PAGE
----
By ROBIN CAUDELL Press-Republican
---- — KEESEVILLE — Ceramist William Colquhoun creates clay vessels with verve and mystery. They have a back story, as does he.
His first foray in clay was in Oregon. He was into metal sculptures when instructors suggested he try clay since it’s really hard to fabricate a head or torso out of sheet metal.
“You have to bend it and peen it,” said Colquhoun, whose work is exhibited in Clark Davidson’s 1719 Block Gallery in Keeseville.
“You can put pieces of metal together and get three dimensions. Clay is really malleable. You can just squeeze it.”
His first attempt in ceramics was lackluster.
“I spun a glob of clay off the wheel and said, ‘This isn’t for me.”
Later, he took a six-week course with ceramist Bonnie Foster in the Albany area. In her basement, he made a few small pots.
“I began to think maybe I could do something with this,” Colquhoun said.
When Colquhoun relocated from Oregon to Albany, he continued his practice of drawing and painting. He participated in the Sketch and Paint Club of the Junior College of Albany, now Sage Colleges.
After the woman who ran the club departed, he took over the job of locating models and setting up the room. As a perk, he had access to a free course. He signed up for ceramics with Tim Martin. Soon, he was in the studio seven days a week.
“I got hooked on it,” said Colquhoun, who had a scientific-research career.
At the studio, he met Peter Roberts, a young man who was pretty experienced in pot-making.
“I learned a lot from him as well as Tim. Peter’s mother, Ann Roberts, was very much involved with Partners of America. The partner to New York was Barbados,” Colquhoun said. “Tim and I got a trip down to Barbados to give a raku workshop. We built a raku kiln. A lot of black potters learned how to do raku, and we got to get out of Albany in the winter for 10 days.”
After a year, Martin made Colquhoun his assistant in the ceramics studio.
“I just really progressed pretty rapidly,” he said.
At Skidmore College, he attended a summer program with professor Regis Brodie.
“I learned altering forms from Regis,” Colquhoun said. “With a pottery wheel, you mainly make round structures, rounded forms. You can always paddle them to make them have flat sides or stick your hand or tool inside to make it something that is not just round. For me, it makes them more exciting. There’s a lot more variety in the form.”
Brodie brought in masters such as Toshiko Takaezu (1922-2011), who taught at the Cleveland Institute of Art and Princeton University.
“I don’t think she was 5 feet tall,” Colquhoun said. “She made these huge pots. She gave demos and showed people how to make them. It’s called coil and throw technique. You throw a bowl form. You add a coil to the edge of the bowl. You get it spinning again and add another coil on the rim, and you throw that up. You keep going and going until you have a great big pot. She showed me how to make big pots.”
Colquhoun has created these pots with presence locally at the Lake Placid Center for the Arts. There, as he did in Albany and Saratoga Springs, he made either stoneware or porcelain, all high-fired and made from first-rate clay.
It’s not solely about the type of clay or glaze, but also the artist’s intention.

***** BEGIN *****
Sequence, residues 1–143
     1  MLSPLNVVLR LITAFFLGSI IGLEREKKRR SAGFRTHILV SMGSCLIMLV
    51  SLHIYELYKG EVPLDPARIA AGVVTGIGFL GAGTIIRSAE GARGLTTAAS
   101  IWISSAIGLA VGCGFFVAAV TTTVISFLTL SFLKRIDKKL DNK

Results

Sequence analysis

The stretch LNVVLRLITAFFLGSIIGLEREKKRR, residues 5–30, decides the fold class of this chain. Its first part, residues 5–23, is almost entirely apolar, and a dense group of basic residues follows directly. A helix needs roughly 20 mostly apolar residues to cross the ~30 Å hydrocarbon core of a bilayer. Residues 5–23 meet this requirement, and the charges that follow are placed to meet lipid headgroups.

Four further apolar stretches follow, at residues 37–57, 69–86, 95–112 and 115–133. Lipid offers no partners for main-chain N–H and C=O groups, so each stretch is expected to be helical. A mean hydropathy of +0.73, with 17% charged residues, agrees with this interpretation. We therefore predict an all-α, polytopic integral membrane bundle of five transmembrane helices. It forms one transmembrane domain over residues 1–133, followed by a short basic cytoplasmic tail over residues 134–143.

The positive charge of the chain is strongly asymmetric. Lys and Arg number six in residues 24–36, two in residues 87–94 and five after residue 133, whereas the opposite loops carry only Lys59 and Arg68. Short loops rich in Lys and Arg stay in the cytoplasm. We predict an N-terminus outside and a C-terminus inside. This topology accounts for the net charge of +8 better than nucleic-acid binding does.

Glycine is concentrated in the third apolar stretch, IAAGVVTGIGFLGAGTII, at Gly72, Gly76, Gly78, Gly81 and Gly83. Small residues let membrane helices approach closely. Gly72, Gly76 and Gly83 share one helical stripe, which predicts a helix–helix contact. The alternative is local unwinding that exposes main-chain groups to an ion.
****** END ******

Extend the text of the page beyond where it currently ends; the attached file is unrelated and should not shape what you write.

“Some people just make pots. They’re beautiful pots. A dog bowl is a pretty simple bowl to make. The form doesn’t really move you. It’s functional and fine to feed your dog. It’s not something you look at and say, ‘Wow,’” Colquhoun said. “There are bowls that have a grace to them. If I try to make just a standard bowl, I try to make a form that has some beauty to it, but beyond that there’s ceramics that tend to have a more sculptural look.”
“Solemn,” a tall, imposing black piece, graces a display window in the 1719 Block Gallery. It was featured in a solo show at Hudson Valley Community College.
“That breaks toward sculpture. It has a little tiny top to it. It has bilateral symmetry. I whacked it on both sides with a stick. It looks almost like a body. That’s definitely a sculptural element,” he said.
Colquhoun’s interests include pod forms such as sea pods and things that germinate and press out.
“I throw a big, round pot and push it out to alter the form so it has an expansive look,” he said.
An example is a substantial cranberry-glazed urn.
“It’s one of my favorite pieces. It’s meant to put cremation ashes in and seal it.”
Another cranberry-glazed work, a beetle pot, received second place in a Stuyvesant Plaza Craft Fair. His award was presented by then-WNYT anchor Christine “Chris” Kopostasy, now Chris Jansing, host of Jansing and Company on MSNBC.
The prize-winning ceramist was also a recipient of a $2,000 award from Hudson Valley Community College for a huge ceramic-tile mural he created and installed for the college’s Philosophy Department. He fired the tiles, complete with contrasting verse from the Bible, scientists and sages, in one of Martin’s kilns.
His biggest influence remains Takaezu. Through her, he can trace his ceramics pedigree to Maija Grotell (1899-1973), Takaezu’s mentor at the Cranberry Academy of Art. Grotell is the “mother of American ceramics.”
Davidson’s art-business savvy introduces his pots to a wider market.
“I have really enjoyed working with Clark,” Colquhoun said. “I respect his art knowledge and his enthusiasm. It has been a really good thing for me.”
Email Robin Caudell:email@example.comIF YOU GO WHAT: Ceramics by William Colquhoun WHERE: 1719 Block Gallery, Front Street, Keeseville. WHEN: Gallery hours are from noon to 5 p.m. Tuesday through Saturday. CONTACT: Call 569-0001 or email firstname.lastname@example.org.